Australian Commerical Radio: We Don't Want To Play Australian Music
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Commercial Radio Australia wants to abolish the guidelines and codes of conduct that force Australian stations to play Australian music. The reason? Because "it is unsustainable and inequitable " for its members to meet local music quotas while internet stations do not.
Sorry, but that's disingenuous rubbish. The CRA has consistently and misguidedly promoted the fact that playing even 6.25% new local music will inevitably cause the death of radio in Australia. This from an organisation which reported metropolitan advertising revenues of more than $683 million last financial year. That's 5.65% growth on their previous year.
So while we're being inundated with the exasperated tweets, emails and phone-calls of Australian musicians who can't reach an audience, we thought we'd give you a bit of an FAQ about Australian music and the radio.
WHAT IS THE AUSTRALIAN MUSIC QUOTA?
Commercial Hit Radio formats (Austereo, Nova and a bunch of others) must play 25% Australian music between 6am and midnight. But don't worry about a lack of Savage Garden, Chisel and Farnsy on your radio because only a quarter of that quota must have been released in the last 12 months. That's only 6.25% of new Australian music on our radios at the moment. For the record, AIR did some studies last year and found that not a single Australian station voluntarily exceeded their quota by more than 3%.
WHY IS THERE AN AUSTRALIAN MUSIC QUOTA?
Owning a license to broadcast in Australia is a privilege, not a right. Bandwidth should be treated like any other finite Australian natural resource. It can be used by companies for commercial exploitation as long as there is also a benefit to the Australian people (mining tax anyone?). Commercial Radio stations are granted a license to broadcast by the Australian Government under the condition that they adhere to the Broadcasting Services Act whose aim is "to promote the role of broadcasting services in developing and reflecting a sense of Australian identity, character and cultural diversity". It's clear from this latest statement that Commercial Radio Australia is not the least bit interested in reflecting Australian identity, character and cultural diversity.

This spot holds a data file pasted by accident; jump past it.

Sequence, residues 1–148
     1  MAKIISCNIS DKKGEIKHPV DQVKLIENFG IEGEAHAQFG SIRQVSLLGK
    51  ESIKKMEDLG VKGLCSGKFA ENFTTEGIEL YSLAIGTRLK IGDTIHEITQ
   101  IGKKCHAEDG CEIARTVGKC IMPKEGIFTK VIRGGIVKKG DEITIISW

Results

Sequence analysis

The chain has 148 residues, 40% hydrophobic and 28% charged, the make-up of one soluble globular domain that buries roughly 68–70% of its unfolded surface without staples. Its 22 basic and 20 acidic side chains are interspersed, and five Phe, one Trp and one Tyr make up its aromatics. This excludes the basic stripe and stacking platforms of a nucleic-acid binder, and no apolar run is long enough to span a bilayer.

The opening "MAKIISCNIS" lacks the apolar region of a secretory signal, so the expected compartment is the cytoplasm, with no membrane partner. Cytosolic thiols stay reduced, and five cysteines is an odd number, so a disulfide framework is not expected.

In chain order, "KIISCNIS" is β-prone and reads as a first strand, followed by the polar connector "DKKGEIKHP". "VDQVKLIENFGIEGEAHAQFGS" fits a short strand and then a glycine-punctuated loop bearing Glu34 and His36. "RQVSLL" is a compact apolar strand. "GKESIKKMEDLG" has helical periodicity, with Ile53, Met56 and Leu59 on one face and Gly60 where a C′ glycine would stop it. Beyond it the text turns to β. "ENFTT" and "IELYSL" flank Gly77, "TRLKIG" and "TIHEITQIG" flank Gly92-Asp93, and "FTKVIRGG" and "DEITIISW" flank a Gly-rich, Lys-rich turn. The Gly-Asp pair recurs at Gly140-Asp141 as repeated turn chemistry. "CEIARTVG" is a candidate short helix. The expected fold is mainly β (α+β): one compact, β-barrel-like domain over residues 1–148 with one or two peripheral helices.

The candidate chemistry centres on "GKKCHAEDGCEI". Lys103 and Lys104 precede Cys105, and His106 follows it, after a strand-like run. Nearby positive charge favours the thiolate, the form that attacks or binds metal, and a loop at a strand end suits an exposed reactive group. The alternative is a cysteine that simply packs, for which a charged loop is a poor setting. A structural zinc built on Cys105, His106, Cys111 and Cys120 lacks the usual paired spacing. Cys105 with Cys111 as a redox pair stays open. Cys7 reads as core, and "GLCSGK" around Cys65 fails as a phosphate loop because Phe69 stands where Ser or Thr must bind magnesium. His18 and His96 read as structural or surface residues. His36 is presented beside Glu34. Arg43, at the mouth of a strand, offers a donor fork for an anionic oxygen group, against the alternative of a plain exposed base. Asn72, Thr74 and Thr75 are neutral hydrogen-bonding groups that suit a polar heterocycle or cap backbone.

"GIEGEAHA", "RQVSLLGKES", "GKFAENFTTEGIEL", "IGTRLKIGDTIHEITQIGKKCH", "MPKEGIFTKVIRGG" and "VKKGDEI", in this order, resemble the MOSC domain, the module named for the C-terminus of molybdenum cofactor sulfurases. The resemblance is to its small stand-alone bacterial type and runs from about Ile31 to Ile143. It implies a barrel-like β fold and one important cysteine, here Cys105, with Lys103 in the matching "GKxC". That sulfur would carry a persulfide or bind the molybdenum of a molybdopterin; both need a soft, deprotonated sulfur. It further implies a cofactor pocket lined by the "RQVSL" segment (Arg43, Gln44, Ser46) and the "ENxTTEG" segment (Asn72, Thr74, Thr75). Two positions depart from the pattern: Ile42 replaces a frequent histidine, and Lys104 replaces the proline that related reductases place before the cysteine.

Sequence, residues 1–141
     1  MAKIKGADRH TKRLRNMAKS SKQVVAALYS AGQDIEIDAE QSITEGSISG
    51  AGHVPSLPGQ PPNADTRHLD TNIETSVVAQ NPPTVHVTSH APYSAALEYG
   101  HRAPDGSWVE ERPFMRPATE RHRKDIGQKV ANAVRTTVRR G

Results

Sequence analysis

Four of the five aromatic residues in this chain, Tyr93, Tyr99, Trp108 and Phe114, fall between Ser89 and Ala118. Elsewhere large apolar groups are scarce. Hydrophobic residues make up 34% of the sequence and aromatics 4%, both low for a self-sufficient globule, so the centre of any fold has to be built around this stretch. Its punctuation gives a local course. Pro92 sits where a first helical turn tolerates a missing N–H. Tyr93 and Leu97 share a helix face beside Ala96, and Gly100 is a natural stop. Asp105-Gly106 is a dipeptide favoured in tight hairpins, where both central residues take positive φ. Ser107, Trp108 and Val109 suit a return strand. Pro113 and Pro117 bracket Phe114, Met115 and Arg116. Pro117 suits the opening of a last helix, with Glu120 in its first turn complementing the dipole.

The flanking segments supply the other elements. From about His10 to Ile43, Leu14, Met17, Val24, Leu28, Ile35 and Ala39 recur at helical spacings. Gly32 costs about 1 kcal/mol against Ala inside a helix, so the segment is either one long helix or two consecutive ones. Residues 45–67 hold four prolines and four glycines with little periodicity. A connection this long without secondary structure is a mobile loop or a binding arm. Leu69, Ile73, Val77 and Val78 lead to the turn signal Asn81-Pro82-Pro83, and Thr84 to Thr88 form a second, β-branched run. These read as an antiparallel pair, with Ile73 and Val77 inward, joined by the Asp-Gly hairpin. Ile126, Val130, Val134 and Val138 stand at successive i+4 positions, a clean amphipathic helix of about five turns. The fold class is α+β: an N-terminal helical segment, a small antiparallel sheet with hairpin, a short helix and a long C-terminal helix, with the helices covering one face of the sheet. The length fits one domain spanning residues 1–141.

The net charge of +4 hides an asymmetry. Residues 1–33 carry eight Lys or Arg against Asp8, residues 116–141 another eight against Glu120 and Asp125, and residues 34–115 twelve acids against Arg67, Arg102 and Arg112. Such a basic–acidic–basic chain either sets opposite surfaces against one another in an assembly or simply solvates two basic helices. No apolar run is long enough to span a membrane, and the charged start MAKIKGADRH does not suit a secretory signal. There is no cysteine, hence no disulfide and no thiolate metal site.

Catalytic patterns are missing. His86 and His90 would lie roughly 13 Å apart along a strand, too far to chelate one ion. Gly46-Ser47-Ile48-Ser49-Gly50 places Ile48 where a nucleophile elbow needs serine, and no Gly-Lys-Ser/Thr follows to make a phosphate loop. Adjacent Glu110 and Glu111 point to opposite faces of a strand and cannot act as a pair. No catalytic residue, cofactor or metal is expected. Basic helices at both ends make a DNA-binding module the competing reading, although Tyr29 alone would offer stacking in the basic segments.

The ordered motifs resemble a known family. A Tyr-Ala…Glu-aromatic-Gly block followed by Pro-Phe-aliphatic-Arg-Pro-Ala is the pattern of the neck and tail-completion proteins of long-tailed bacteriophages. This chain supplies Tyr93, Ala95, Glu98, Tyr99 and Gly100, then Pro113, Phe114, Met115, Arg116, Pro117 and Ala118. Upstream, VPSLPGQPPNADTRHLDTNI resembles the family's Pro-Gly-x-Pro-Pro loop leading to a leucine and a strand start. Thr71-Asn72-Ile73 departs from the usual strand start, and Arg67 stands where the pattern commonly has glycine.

WHAT HAPPENS IF YOU GET RID OF A QUOTA?
20 years ago, New Zealand deregulated their radio industry. As a result, local content dropped to below 2% of what was played. Hardly any New Zealand acts reached an audience throughout the 1990's (apart from OMC). Since then the NZ Government has spent tens of millions of dollars each year rebuilding their industry through grant programs. Is the Australian government willing to do that? Is Commercial Radio Australia willing to contribute?
WHY DON'T RADIO STATIONS WANT TO PLAY AUSTRALIAN MUSIC?
We figure that it has something to do with shortsighted surveying of audiences and the mistaken belief that audiences don't want to hear Australian music. Indeed it's easier to break a new David Guetta, Katy Perry or Good Charlotte track than Bagraiders, Kimbra or Children Collide. If it comes down to it, Australian acts will always lose out.
IS AUSTRALIAN MUSIC GOOD ENOUGH?
There used to be an excuse that Australian music just didn't have the production values of music from the USA or UK so radio couldn't play it. That ain't true anymore. You're telling us that commercial pop from Gotye, Empire Of The Sun, Powderfinger, Temper Trap, The Presets, Kimbra and Miami Horror doesn't cut it?
Australian musicians need to be able to find an audience to survive and without the support of local radio they'll struggle to do so. Without a radio audience, there's less commercial return for those investing in music and if commercial pop artists ain't making a buck for our labels, how can we expect them to invest in young artists who are truly creating something special, risky or unique? Even artists that don't get played on commercial radio will lose out. Australian creativity and musical diversity suffer.
Nick O'Byrne is the General Manager of the Australian Independent Record Labels Association.